(Need a prompt? Try "Fresh Out Of Luck" -- you don't have to use those words.)
Richard Loranger is a writer, performer, visual artist, and all around squeaky wheel, currently residing in Oakland, CA. His recent book of flash prose, Sudden Windows (Zeitgeist Press, 2016), has been warmly received. He is also the author of the Poems for Teeth, The Orange Book, and nine chapbooks. Other recent work can be found in Oakland Review #2, Overthrowing Capitalism vol. 2 (Revolutionary Poets Brigade), and the new anthology The Careless Embrace of the Boneshaker (great weather for MEDIA). You can find more about his work and scandals at www.richardloranger.com.
Excerpts from Sudden Windows
And clouds roll in and I am glad, for autumn rain smells like the start of everything. And darksome days are time for all the dust to settle, sweet sweet the air and safe to open chest to amity. When trees drink clouds and dry ground soaks and we can sense effulgence down the road, how can we not enjoy the dropping of all things and the sleek sweep of pungent breeze? I’d like to lie down in the street and shine.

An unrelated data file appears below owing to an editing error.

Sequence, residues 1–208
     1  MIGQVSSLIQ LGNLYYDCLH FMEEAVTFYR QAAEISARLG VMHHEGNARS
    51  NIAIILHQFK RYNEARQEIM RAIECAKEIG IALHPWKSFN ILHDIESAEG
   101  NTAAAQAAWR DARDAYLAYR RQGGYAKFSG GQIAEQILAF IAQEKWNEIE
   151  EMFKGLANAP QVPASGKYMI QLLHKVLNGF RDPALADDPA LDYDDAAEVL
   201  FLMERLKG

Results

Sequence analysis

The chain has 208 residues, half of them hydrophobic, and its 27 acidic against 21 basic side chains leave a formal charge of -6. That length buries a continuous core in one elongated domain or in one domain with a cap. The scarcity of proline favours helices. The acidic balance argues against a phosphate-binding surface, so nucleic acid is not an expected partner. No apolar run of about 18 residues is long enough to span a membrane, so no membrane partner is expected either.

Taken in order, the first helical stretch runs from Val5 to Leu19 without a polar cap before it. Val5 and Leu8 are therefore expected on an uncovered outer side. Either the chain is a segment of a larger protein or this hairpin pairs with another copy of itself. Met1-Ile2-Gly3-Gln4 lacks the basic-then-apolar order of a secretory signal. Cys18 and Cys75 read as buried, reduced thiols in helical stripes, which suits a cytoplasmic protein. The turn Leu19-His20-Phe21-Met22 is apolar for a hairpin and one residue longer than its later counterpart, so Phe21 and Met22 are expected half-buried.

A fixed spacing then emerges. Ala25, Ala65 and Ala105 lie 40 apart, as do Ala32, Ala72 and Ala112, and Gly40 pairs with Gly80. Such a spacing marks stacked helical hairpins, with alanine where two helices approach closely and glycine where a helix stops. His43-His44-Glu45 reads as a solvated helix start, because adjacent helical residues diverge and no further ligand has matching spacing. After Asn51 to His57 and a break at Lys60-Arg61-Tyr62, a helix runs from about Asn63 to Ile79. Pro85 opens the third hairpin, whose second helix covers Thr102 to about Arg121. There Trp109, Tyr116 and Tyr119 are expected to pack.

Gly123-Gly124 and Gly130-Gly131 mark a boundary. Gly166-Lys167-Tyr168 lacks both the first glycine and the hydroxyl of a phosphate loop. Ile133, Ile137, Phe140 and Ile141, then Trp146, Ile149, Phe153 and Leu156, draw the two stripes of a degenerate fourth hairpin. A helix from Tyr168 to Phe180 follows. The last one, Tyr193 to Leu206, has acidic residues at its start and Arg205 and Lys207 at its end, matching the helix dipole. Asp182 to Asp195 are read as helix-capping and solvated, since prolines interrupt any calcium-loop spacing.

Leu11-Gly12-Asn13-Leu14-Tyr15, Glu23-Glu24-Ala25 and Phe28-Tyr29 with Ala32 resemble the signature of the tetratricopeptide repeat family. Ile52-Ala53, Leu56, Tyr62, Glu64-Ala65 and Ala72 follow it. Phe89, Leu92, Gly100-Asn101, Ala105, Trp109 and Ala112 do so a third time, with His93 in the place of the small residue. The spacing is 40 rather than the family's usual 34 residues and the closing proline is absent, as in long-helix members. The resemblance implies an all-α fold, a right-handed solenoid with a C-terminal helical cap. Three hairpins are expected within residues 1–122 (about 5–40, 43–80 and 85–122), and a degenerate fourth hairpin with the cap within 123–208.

* * *
Early plum is bitter, early rose is tart, April light roves from sharp to glow as the month matures. Fleeting rain pelts the windows, then lifts infused with jasmine and fresh grass. Bougainvillea stuns. Clouds break, and the softest breeze strokes the arms and face. All the air sublime. Sometimes we need profundity, and sometimes just a lavender day.
* * *
I take myself to task, and find a tisane in the tin shack mine. The method to divine adumbra of the swale’s lost path is simply one of sniffing rasped grass. We are never truly lost until we find ourselves bereft of cause – no green, under air, dry as dirty docks. And even then the thirst might eek us out, the rancid grain slake need for friction so the loose shoot may flail. May tendril on. We soar on tin lid sleds and take the dawn. And in the meantime, watching from our table the adept bright rain, we take to task, wrap hands around sweet steam.